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McCanns in PR talks with Phil Hall

LONDON - The embattled parents of missing four-year-old Madeleine McCann are talking to Phil Hall, former News of the World editor turned PR man, about handling their media relations.

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The news comes as Gerry and Kate McCann face intense media pressure following their return form Portugal after being officially named as suspects by the Portuguese police in the disappearance of their daughter.

Phil Hall Associates is thought to be one of a number of big-name PR firms being considered by the McCanns, who have been in the spotlight now since their daughter disappeared on May 3.

Hall would replace Justine McGuinness, a former Liberal Democrat candidate, who has worked with the McCanns since June.

Since returning from Portugal at the weekend, the storm surrounding the couple has intensified along with speculation about the fate of Madeleine.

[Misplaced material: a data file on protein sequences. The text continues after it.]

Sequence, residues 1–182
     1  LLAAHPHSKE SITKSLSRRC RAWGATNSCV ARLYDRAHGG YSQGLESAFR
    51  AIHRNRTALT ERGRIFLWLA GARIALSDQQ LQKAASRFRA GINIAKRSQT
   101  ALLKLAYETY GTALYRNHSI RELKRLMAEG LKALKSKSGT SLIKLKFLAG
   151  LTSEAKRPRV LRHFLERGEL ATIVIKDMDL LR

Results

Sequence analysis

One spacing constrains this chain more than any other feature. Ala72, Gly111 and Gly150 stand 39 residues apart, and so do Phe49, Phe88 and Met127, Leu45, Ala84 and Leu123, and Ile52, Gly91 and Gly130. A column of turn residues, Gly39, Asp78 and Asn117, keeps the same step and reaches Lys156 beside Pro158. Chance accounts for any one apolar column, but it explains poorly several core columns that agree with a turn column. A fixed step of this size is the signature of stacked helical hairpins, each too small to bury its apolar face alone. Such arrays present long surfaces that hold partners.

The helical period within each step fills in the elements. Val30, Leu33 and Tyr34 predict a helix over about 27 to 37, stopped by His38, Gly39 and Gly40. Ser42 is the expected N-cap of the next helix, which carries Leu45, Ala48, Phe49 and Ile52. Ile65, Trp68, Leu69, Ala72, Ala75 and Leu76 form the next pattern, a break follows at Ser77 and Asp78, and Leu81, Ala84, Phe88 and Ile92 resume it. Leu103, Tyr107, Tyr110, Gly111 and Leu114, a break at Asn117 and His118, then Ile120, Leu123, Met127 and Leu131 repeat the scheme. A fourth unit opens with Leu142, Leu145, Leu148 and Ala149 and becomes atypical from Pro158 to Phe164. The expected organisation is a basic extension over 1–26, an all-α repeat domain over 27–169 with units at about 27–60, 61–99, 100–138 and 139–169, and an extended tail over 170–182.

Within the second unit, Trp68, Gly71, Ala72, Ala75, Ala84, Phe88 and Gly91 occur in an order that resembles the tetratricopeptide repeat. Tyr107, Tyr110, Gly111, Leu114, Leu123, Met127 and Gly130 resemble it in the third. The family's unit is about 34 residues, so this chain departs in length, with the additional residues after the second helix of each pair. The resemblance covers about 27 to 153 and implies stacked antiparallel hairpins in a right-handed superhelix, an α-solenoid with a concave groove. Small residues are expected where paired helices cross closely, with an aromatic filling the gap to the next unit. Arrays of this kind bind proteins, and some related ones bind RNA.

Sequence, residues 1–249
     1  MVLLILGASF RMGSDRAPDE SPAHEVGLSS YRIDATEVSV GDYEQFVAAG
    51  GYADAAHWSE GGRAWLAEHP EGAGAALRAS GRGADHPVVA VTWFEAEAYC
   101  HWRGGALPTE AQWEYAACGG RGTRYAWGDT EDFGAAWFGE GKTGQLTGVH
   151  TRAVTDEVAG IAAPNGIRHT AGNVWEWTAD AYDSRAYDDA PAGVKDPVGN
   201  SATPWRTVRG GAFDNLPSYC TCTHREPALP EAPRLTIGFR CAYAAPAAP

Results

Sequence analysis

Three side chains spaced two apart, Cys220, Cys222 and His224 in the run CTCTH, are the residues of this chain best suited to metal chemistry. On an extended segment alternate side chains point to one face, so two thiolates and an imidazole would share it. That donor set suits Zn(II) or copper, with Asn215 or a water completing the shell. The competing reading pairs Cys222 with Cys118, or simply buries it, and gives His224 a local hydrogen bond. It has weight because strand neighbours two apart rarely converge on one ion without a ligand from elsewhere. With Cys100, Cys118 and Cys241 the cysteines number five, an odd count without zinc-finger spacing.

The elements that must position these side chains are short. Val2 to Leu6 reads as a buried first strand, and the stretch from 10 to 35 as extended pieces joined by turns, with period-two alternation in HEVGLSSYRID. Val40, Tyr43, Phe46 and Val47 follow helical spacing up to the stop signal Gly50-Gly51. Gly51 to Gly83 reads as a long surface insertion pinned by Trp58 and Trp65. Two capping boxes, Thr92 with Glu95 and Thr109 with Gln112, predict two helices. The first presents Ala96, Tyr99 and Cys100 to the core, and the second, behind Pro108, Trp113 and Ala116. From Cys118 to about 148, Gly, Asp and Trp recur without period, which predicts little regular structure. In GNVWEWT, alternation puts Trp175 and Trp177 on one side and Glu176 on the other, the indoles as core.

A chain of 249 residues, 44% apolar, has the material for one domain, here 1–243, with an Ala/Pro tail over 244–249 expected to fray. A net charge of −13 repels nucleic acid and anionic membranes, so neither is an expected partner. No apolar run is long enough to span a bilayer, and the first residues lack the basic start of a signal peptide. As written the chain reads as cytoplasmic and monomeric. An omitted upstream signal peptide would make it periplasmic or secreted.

Hall is the former editor of the News of the World and Hello! magazine, who made the switch to PR and has represented a sting of high-profile clients including Heather Mills during the break-up of her marriage to Sir Paul McCartney. He has also represented Millwall and West Ham football clubs.

Hall was editor of the News of the World for five years until 2000, when he was replaced by the current editor Rebekah Wade. He then moved to Hello!, before a stint at the Press Association's contract publishing division and then, in 2003, he joined Trinity Mirror in an editorial development role.

Whoever takes on the McCanns case will have to deal with global media interest. The story has sparked unprecedented media attention, which has turned increasingly negative in recent days.

In the last week they have been under siege at their home in Rothley in Leicestershire, with reporters tracking their every move.

Hall said yesterday that he had been talking to the McCanns, but said he had not been hired.

Prior to McGuinness working with the McCanns, the family had help from the British government, which was headed by former tabloid journalist Sheree Dodd, who was followed by a former BBC news journalist Clarence Mitchell.

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